This week on the show, Steve Boese and special guest host Madeline Laurano are joined by leading talent acquisition technology provider iCIMS Chairman and CEO Colin Day, and iCIMS CMO Susan Vitale to talk about the current state of the talent acquisition technology market, and the importance of dedicated, purpose-built technology to support organizations in their recruiting efforts.

    Additionally, we talked about the need for organizations to better integrate their different talent acquisition technology solutions with their 'core' systems, and how iCIMS is approaching that challenge and providing a platform to enable organizations to build integrated solutions.

    We talked a little about 'big data'.(don't cringe), and how iCIMS is leveraging the information and insights that come from having millions of applicants and job postings from their thousands of customers pass through their platform. One of the promises of SaaS HR technology was that each customer would be able to learn from and take advantage of aggregated information and intelligence that can be developed from the massive amounts of data and transactions that happen across the entire customer base, and Colin and Susan shared how iCIMS is taking steps to make this kind of 'big data' intelligence a reality for their customers.

    You can listen to the show on the show page here, or by using the widget player below, (Email and RSS subscribers need to click through)

    This was a fun show, thanks to iCIMS for hosting the HR Happy Hour!

    Reminder, subscribe to the HR Happy Hour Show on iTunes, Stitcher Radio, and all the podcast player apps, just search for 'HR Happy Hour' to subscribe and never miss a show.



    Semi-frequent reminder as we all continue to push further and further into a world with constant, varied, and often very, very imperfect and uniformed feedback on almost everything we do, (I took an Uber ride last night from the airport to a hotel, I can only wonder what my driver was thinking as he 'rated' by performance as a passenger), that lots of the feedback we encounter is basically, crap.

    Take a look at the image below, courtesy of the grapheine design blog on some potential client feedback if the classic French Tournee du Chat Noir poster which advertised a Paris cabaret theater was submitted today: (click HERE for a larger version of the image)

    Just because we have better and more accessible tools to give each other, our organizations, and other organization's products and services more feedback, (and have that feedback be publicly available), doesn't mean that we, any of us, have somehow gotten better at giving and receiving said feedback.

    As the image above describes, even classic, iconic works of art and design could be picked apart by less experienced and talented folks who by virtue of position in an org chart or on a project team feel compelled to pass their judgement on the effort of others. 

    I am certainly not saying that having access to more forms and volumes of feedback is a bad thing, I am just reminding you that 'more' doesn't equate to 'better', at least not all the time. 

    Le Chat Noir probably doesn't need any improvement. Your last work project might not either.

    But if there are people in the organization who are pit into a position where they see it is their job to give you feedback, then feedback it is you will receive.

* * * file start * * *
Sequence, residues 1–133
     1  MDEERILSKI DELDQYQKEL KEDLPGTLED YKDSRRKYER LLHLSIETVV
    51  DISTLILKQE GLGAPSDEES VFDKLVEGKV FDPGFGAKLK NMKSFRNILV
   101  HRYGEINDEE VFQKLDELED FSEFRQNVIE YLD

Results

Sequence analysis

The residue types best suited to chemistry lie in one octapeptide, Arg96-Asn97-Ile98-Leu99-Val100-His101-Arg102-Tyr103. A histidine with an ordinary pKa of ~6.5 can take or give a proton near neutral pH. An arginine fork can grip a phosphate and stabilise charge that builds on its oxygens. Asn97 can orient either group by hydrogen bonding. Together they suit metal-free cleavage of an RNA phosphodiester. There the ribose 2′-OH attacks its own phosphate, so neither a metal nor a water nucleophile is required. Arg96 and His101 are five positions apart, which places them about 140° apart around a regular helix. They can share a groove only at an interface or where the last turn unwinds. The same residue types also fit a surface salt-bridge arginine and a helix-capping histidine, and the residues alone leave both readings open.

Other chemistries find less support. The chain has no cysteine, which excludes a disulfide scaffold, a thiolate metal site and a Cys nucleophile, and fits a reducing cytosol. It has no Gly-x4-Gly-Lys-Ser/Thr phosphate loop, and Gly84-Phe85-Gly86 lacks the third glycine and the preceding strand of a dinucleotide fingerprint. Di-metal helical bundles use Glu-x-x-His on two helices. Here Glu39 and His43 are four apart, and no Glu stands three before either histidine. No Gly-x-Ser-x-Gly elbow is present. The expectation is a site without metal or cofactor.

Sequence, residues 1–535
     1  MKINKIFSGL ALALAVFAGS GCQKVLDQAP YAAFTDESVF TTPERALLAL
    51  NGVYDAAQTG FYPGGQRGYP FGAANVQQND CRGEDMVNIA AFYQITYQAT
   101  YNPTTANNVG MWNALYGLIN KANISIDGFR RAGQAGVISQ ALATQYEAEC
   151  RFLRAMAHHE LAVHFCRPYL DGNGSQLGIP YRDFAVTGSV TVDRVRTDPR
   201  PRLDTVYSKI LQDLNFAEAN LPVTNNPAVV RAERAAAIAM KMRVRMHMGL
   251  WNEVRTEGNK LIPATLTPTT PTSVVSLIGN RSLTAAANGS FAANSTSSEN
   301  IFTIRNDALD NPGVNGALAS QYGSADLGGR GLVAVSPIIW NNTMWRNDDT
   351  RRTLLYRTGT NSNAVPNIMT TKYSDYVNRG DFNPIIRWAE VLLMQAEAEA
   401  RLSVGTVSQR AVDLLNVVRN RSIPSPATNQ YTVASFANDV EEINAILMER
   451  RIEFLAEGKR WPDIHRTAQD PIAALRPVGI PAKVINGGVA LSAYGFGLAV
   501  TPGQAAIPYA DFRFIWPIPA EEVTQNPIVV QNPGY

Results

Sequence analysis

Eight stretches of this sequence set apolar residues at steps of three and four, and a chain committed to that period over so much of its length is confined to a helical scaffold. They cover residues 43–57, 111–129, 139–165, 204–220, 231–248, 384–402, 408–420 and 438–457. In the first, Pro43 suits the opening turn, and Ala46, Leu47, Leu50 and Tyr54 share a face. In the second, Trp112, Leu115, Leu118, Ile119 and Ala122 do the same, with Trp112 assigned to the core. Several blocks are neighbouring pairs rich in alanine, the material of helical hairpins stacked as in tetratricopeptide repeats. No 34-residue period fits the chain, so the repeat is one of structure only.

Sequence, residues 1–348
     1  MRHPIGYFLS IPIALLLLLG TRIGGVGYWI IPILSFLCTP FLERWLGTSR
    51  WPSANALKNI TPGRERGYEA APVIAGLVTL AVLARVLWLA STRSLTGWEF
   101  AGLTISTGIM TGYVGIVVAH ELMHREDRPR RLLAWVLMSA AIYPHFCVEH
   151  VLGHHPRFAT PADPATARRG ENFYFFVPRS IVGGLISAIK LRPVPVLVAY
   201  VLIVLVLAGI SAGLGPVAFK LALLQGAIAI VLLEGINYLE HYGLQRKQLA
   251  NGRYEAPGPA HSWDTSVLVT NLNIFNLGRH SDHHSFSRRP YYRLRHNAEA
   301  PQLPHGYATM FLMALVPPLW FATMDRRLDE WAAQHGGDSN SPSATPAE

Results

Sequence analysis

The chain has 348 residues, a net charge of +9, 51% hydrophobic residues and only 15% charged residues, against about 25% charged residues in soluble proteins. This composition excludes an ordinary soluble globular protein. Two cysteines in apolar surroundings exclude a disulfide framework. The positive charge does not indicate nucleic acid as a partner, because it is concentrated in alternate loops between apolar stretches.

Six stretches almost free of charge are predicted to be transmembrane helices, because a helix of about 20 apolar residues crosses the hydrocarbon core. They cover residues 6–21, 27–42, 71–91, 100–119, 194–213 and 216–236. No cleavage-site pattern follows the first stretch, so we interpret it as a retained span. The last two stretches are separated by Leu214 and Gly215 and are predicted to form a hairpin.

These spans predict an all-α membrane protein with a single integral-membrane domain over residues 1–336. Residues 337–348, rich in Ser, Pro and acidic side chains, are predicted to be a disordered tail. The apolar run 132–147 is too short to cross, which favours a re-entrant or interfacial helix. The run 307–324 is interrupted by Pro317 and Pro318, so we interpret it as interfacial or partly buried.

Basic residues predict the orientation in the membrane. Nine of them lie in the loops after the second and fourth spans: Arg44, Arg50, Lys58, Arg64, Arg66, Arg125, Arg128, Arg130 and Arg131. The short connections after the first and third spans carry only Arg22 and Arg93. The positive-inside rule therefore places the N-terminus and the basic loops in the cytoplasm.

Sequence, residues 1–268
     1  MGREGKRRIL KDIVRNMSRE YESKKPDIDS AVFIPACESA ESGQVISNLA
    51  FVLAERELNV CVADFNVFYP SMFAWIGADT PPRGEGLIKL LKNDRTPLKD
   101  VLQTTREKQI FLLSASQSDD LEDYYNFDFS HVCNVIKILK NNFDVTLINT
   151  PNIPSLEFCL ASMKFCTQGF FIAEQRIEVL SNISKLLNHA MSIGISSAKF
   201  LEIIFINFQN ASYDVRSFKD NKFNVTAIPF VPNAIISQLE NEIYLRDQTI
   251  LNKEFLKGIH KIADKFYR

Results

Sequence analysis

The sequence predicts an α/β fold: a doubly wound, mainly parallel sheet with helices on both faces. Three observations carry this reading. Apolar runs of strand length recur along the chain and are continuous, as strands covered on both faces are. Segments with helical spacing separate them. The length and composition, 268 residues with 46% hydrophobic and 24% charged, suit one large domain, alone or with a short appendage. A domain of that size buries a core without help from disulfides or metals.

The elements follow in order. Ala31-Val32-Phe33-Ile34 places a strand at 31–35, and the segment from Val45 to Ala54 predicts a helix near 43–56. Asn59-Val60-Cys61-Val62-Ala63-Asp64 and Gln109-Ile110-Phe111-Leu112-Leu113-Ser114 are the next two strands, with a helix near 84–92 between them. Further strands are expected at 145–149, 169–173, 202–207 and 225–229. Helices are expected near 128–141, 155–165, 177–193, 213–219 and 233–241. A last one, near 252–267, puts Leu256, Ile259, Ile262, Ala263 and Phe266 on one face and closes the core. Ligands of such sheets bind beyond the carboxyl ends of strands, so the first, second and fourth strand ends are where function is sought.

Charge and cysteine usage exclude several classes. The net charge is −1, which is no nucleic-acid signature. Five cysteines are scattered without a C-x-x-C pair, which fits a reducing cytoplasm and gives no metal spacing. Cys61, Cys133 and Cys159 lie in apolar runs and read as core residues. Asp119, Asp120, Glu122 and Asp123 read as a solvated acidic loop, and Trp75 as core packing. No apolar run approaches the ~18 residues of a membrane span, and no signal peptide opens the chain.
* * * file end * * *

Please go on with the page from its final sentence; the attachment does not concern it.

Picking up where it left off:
Hopefully, it won't be the kind of feedback that compels you to alter your masterpiece either.


    PODCAST - HR Happy Hour 265 - Women in HR Technology

    HR Happy Hour 265 - Women in HR Technology

    Hosts: Steve Boese

    Guest: Bianca McCann, VP, HR Expert Network Cloud HCM, SAP

    Listen to the show HERE

    This week on the HR Happy Hour Show, Steve Boese is joined by Bianca McCann, VP of the HR Expert Network for Cloud HCM at SAP to talk about the recent Women in HR Technology Summit that was held at the HR Technology Conference in Chicago in early October. 

    Bianca shared her insights on the Women in HR Tech Summit, the importance of framing these issues in the organization as business challenges and business opportunities, and not just HR programs or 'we should do this because it feels right' activities. Diversity should be looked at as a business imperative and the way to actually move the needle in the organization is to look for root causes, and set about addressing these causes.The key is to bring facts and data to the table, and think through the problems in a manner that is similar to taking on all kinds of business challenges.

    We also talked about the real business benefits from more diverse workplaces in the areas of innovation and growth or market share, the idea of the Illusion of Truth, the importance of listening to what the organization is saying about these issues, and some practical steps that organizations can take right away to become better and more inclusive workplaces, particularly for women in technology roles.

    You can listen to the show on the show page HERE, or by using the widget player below, (Email and RSS subscribers click through)

    This was a fun and interesting show, many thanks to Bianca for joining us this week on the HR Happy Hour.

    Many thanks to our show sponsor Virgin Pulse - learn more about their products and services at www.virginpulse.com.

    Reminder, you can subscribe to the show on iTunes, Stitcher Radio, and all the major podcast player apps - just search for 'HR Happy Hour' to subscribe and never miss a show.